9       my $sum = $first;
10       my $flipped = 0;
11       for my $j (0 .. $#A) {
12          if ($signs & 0x1) { # flip
13             $sum -= $A[$j];
14             $flipped++;
15          }
16          else {
17             $sum += $A[$j];
18          }
19          $signs >>= 1;
20       }
21       my $complementary = $n + 1 - $flipped;
22       ($sum, $flipped) = (-$sum, $complementary) if $sum < 0;
23       $flipped = $complementary if $sum == 0 && $flipped > $complementary;
24       ($min, $retval) = ($sum, $flipped)
25          if !defined($min)
26             || $sum < $min
27             || ($sum == $min && $flipped < $retval);
28    }
29    return $retval;
30 }

To leverage our intuition, we remove the first item from @A (line 2) and assume it will always be assumed to have a + sign when calculating the sum (line 9, where $sum is initialized to the positive value of $first).

Removing the first item means that we have to assign one less sign (line 3) and do half of the iterations (line 4) than before, which saves us half of the sums!

After calculating the sum for our assignment, two possibilities have to be taken into account:

  • if the sum is negative, we just flip it (line 22) to get a positive one, which is useful for our purposes;
  • if the sum is zero, we can still choose the flipped one (which also has zero sum) by comparing the number of bits that were flipped, and choosing the other one if it implies less flipping (line 23).

The last part is the same as before, i.e. update the tracker for the return value.

Now one consideration: this is potentially a big improvement, because it potentially halves the time to calculate the result. Fact is… halving the time is not that great. The algorithm is still exponential… so it still scales extremely bad. Ouch.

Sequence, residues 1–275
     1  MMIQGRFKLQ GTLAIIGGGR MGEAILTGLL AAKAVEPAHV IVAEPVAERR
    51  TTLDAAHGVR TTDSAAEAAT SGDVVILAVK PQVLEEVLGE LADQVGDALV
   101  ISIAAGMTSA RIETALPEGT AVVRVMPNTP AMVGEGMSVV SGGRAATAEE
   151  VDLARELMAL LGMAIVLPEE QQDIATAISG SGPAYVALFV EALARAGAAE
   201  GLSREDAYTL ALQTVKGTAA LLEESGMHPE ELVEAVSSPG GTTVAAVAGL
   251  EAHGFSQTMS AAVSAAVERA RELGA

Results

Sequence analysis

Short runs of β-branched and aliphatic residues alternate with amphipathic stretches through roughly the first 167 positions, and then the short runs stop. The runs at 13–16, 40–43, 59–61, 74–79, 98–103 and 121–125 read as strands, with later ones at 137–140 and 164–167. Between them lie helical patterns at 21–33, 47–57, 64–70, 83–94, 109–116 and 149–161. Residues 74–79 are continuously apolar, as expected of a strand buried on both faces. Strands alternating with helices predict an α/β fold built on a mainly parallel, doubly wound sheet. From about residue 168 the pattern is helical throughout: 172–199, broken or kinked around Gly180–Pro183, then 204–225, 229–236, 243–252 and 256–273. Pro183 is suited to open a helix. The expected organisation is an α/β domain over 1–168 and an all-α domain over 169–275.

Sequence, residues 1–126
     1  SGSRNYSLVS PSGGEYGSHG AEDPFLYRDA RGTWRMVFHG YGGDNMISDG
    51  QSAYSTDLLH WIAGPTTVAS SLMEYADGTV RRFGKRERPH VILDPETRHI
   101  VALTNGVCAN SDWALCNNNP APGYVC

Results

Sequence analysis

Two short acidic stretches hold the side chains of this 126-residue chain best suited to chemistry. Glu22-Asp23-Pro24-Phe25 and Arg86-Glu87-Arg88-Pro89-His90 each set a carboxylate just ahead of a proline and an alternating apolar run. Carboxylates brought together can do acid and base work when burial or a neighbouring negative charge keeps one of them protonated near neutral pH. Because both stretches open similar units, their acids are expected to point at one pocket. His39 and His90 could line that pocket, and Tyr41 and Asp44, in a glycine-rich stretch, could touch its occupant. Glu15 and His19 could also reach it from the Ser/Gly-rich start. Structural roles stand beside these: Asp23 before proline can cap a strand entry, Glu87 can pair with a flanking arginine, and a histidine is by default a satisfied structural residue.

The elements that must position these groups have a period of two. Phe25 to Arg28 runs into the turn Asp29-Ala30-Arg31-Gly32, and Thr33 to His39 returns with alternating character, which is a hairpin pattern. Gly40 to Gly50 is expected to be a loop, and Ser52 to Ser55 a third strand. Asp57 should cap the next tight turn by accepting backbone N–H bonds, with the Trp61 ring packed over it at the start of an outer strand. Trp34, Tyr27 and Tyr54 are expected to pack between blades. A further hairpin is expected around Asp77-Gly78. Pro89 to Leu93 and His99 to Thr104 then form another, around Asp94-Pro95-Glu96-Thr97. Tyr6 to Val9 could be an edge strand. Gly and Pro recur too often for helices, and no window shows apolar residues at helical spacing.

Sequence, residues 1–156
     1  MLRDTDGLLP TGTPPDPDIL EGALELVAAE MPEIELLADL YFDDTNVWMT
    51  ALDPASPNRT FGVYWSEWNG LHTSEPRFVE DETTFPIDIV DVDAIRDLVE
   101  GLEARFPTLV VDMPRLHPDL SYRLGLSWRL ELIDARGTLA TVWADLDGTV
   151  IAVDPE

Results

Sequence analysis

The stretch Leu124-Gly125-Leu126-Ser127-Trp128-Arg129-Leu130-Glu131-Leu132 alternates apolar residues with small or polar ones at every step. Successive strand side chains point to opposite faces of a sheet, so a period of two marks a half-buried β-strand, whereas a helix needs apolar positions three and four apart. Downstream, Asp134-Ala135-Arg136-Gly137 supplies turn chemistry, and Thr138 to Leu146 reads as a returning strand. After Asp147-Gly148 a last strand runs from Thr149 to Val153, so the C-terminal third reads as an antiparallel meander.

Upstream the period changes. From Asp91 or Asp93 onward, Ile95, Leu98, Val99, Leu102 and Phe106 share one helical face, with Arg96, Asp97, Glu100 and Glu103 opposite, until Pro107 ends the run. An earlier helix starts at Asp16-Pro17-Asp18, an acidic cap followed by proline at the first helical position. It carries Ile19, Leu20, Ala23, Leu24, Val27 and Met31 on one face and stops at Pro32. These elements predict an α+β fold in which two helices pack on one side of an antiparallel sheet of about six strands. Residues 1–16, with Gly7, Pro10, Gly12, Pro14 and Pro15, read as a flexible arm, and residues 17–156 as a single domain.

The whole thing

As usual, if you are curious of the whole script here’s it:

#!/usr/bin/env perl
use 5.024;
use warnings;
use experimental qw< postderef signatures >;
no warnings qw< experimental::postderef experimental::signatures >;

sub flip_array_basic (@A) {
   my $n = scalar(@A); # number of signs that can be flipped
   my $N = 2 ** $n;
   my $i = 0;
   my ($min, $retval);
   while ($i < $N) {
      my $signs = $i++;
      my $sum = 0;
      my $flipped = 0;
      for my $j (0 .. $#A) {
         if ($signs & 0x1) { # flip
            $sum -= $A[$j];
            $flipped++;
         }
         else {
            $sum += $A[$j];
         }
         $signs >>= 1;
      }
      next if $sum < 0;
      ($min, $retval) = ($sum, $flipped)
         if !defined($min)
            || $sum < $min
            || ($sum == $min && $flipped < $retval);
   }
   return $retval;
}

sub flip_array (@A) {
   my $first = shift @A;
   my $n = scalar(@A); # number of signs that can be flipped
   my $N = 2 ** $n;
   my $i = 0;
   my ($min, $retval);
   while ($i < $N) {
      my $signs = $i++;
      my $sum = $first;
      my $flipped = 0;
      for my $j (0 .. $#A) {
         if ($signs & 0x1) { # flip
            $sum -= $A[$j];
            $flipped++;
         }
         else {
            $sum += $A[$j];
         }
         $signs >>= 1;
      }
      my $complementary = $n + 1 - $flipped;
      ($sum, $flipped) = (-$sum, $complementary) if $sum < 0;
      $flipped = $complementary if $sum == 0 && $flipped > $complementary;
      ($min, $retval) = ($sum, $flipped)
         if !defined($min)
            || $sum < $min
            || ($sum == $min && $flipped < $retval);
   }
   return $retval;
}

my @A = @ARGV ? @ARGV : (3, 10, 8);
say flip_array(@A);

Have fun and be safe!